Fiona Cummisky was a bit of a conundrum for me. I was at that stage in my young life – before puberty had been fully installed – but I still had an inkling that there was more to girls than them just being annoying creatures. She was an odd girl, neither tall nor short in my memory, but I think a little bigger than I was. She wasn’t thin nor heavy set, but she was more a solid sort of agricultural looking girl, as if she might be capable of holding up her father’s tractor while he replaced the wheel. We didn’t exactly have tractors in my neck of the woods but you know what I mean. Besides like I say puberty had still to take its toll on me, so in my head, she was more akin to Clarke Kent as a boy on the farm.
Nonetheless, I was curious about girls, just a little bit. Along with my inkling but pre any stirrings of that nature, I was particularly curious about kissing. It seemed such an odd pursuit, but there had to be something in it. Fiona’s friend was Sinéad O’Reilly and she was an altogether different kettle of fish. Sinéad made me nervous. Whereas Fiona looked at me with a stern look, often lingering a little too long for comfort, Sinéad was a gaggle of expressions, her attention a bagatelle that never lingered, but always seemed to return nonetheless, without ever fully nesting on me. I could sense her more than most girls. She was always pushing or pulling me hither and tither, a skinny, pinch-faced pale creature that alternated her smiles and her frowns, and interspersed them with punches to my arm. She freaked me out, just a little.
Fiona was very different to Sinéad and I got the distinct impression she would beat me up if I ever spoke to her, so I didn’t. We somehow managed to exist in the same space without any direct, verbal communication. Besides, both Sinéad and Fiona operated on the periphery of my life. They were my age and lived on my road, but they were girls. I played with the boys and we had our own games. Skipping and playing ‘plainey a package o’rinso’ with tennis balls against the wall, was all they ever did. Sometimes if either sex was desperate, we might intermingle and come up with some compromise game, but ultimately that usually descended into a row. Girls talked too much and bickered over the tiniest of things. We hit things with sticks and absorbed ourselves in the important stuff, like what you could find under a rock that was the grossest.
We did play chasing together though and that was fun. The girls screamed a lot and their skirts flowed and billowed like sails in the wind, while their hair danced as they ran. It often seemed like they wanted to be caught and I could never understand that. I was ultra-competitive. If someone caught me, it was only because I had let me guard down or maybe because I slipped or fell. It was a matter of great pride for me. It was because I slipped on a dry stretch of earth in the grass down on what we called the Californian hills, that Sinéad O’Reilly caught me one day as we played with the girls.
I landed flat on my back and she leapt on me like a cow-girl on a horse, straddling me and pinning me to the ground. She actually held my arms down and for a scrawny girl, she was quite strong. I was panting and I could hear her breathing loudly as she loomed above me. She had me in a vice like grip using her bare thighs and I could feel the soft skin of her legs, press into my exposed flanks where my shirt had pulled up in the fall.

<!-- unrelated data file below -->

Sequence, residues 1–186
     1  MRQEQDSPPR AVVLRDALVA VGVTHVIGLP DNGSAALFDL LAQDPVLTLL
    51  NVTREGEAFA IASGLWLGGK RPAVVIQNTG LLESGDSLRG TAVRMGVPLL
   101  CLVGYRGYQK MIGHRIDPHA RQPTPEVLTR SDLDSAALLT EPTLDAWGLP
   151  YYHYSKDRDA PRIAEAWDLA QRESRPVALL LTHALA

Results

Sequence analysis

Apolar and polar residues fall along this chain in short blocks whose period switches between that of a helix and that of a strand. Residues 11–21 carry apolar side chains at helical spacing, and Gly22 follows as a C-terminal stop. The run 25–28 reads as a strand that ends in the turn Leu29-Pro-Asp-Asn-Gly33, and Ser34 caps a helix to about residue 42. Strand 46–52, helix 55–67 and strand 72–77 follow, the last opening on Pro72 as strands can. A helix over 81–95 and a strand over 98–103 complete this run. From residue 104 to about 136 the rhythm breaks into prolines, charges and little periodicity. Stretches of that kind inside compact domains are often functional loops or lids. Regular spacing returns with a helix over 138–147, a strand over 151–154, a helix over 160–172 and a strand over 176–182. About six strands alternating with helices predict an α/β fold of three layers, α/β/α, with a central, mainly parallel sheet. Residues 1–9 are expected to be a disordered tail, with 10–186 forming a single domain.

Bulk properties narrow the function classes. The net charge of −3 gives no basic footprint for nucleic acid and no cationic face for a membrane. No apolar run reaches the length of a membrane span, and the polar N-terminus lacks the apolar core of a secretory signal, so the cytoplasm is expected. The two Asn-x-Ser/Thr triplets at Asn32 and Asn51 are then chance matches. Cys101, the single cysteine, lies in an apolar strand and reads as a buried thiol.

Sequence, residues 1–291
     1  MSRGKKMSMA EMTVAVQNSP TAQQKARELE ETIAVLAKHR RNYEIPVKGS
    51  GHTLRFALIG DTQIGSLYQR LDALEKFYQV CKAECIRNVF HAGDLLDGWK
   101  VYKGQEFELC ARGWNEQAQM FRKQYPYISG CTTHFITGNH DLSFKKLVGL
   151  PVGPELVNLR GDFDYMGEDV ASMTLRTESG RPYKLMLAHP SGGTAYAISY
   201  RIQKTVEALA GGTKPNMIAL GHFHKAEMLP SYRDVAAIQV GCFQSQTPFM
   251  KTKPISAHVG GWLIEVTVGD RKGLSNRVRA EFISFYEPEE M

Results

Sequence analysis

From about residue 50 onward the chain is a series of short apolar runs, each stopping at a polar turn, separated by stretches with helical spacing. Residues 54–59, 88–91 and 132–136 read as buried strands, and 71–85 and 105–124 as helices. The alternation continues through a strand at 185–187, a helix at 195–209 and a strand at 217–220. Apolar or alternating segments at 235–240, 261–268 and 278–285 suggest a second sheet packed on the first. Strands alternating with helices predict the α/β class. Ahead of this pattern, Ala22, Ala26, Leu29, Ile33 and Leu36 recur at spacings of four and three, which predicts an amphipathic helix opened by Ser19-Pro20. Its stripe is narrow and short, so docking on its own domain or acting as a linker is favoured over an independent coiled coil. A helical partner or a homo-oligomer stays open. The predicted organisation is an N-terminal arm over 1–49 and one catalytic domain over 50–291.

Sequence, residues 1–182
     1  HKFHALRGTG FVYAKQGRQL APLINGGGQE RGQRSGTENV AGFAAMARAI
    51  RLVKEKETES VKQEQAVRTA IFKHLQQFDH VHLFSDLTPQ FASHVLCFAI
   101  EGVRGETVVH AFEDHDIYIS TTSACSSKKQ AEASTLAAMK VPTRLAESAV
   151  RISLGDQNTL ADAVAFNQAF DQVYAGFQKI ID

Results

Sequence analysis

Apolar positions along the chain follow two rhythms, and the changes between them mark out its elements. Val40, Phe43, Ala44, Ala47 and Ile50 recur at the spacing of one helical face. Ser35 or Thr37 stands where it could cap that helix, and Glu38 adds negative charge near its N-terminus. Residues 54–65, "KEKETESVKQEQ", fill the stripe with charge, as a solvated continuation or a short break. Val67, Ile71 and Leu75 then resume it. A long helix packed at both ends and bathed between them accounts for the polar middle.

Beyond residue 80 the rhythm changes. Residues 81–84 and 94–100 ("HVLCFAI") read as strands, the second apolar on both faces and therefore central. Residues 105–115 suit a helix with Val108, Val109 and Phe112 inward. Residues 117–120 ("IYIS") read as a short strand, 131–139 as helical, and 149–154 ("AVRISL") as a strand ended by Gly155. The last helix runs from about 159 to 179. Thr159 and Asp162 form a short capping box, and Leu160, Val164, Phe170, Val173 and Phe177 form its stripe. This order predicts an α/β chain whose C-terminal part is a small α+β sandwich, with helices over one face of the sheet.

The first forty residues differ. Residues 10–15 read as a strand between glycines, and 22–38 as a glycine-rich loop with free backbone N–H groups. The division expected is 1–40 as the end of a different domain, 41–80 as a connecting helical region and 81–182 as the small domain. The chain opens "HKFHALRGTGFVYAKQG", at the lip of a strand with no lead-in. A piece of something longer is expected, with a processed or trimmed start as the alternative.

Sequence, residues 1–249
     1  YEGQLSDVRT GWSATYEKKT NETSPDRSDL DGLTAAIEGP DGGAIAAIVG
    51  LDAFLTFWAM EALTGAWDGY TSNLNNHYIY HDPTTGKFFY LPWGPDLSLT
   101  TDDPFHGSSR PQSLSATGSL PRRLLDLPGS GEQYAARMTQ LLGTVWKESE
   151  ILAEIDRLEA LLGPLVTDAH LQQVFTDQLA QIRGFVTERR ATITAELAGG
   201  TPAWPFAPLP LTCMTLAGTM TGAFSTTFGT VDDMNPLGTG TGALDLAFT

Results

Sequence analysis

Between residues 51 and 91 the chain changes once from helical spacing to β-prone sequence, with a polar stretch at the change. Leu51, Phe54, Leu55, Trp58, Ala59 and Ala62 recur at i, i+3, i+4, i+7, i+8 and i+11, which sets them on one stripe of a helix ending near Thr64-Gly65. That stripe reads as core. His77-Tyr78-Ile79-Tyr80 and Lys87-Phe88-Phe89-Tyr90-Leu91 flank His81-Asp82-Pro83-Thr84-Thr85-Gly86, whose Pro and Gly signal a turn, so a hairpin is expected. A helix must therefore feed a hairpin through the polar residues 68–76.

“Gotcha.” She gave me a huge smile and leaned down quite close to my face. She smelt of toffee. It was a very odd moment because I thought of kissing in a way I hadn’t thought of it before. I thought I might actually kiss her, but stealing a kiss would have been wrong and besides everyone would see and I would be a laughing stock. Then I realised that she might have plans to kiss me. I went completely red and she let my hands go. Like the flibberty gibbet that she was, Sinéad jumped up and ran after the next, nearest victim. I lay there, panting, not knowing what had just happened. Was I being introduced to a world of something beyond my boyish expectancy, something that I could never hope to control? It certainly felt like that. I didn’t like it.
I brushed myself off and tried to compose myself as I stood up and watched Sinéad flounce away in the distance, chasing Barry O’ Connor and Stephen whose last name I didn’t know. My face finally calmed and I turned around to almost bump into Fiona Cummiskey who must have been just standing there, staring at the back of my head. Up close, I realised that she was quite a bit taller than I was. She wore a navy blue dress with polka dots that has flouncy bits on the edges of her short sleeves. I have no idea why I recall that, only I know it didn’t seem to suit her. I definitely still saw her more in the dungaree, farm-girl ensemble that she generally tended to wear, despite our urban environment. Maybe that’s why I saw her as Clarke Kent on the farm.
It struck me, that I didn’t recall ever seeing her in a dress before. I looked at her face. She had doll eyes, big bright blue circles with massive eyelashes and there was the tiniest smattering of freckles across her nose that I had never noticed. Then she did something that took me completely by surprise. She grabbed me with both hands by the scruff of my neck and pulled me to within a couple of inches from her face. She was going to kill me I felt sure, just like I predicted she would if we ever got this close. I had no idea why, there simply couldn’t be any other explanation…or could there…but that’d be telling…
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